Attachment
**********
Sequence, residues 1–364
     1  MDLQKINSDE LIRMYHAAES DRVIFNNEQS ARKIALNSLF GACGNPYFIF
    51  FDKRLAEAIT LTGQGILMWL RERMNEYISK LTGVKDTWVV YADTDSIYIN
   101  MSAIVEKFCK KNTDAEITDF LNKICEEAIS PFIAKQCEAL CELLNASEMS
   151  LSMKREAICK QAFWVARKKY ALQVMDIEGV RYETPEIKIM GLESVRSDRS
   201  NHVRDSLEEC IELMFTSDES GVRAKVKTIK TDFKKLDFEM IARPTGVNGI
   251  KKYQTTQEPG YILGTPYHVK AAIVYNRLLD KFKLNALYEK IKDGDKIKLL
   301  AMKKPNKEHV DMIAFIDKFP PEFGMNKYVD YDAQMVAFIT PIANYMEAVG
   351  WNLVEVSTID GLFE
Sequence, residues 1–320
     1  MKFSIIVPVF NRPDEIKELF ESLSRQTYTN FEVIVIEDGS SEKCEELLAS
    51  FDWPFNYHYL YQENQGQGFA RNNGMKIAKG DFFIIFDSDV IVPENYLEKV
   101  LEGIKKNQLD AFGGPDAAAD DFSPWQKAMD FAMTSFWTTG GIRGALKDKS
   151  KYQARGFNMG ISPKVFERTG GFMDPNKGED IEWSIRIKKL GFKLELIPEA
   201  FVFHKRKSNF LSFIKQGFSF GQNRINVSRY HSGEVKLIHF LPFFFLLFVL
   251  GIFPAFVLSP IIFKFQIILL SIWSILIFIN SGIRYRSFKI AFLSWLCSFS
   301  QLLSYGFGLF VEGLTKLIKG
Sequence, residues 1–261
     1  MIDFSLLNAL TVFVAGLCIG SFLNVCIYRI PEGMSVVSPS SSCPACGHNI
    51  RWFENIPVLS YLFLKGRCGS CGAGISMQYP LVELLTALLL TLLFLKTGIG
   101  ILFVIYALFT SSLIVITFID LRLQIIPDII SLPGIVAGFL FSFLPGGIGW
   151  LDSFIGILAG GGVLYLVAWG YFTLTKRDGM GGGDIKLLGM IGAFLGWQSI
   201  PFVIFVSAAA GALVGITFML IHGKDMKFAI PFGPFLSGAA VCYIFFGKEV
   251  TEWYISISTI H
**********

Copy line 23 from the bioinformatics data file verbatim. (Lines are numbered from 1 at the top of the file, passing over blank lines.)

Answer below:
   201  PFVIFVSAAA GALVGITFML IHGKDMKFAI PFGPFLSGAA VCYIFFGKEV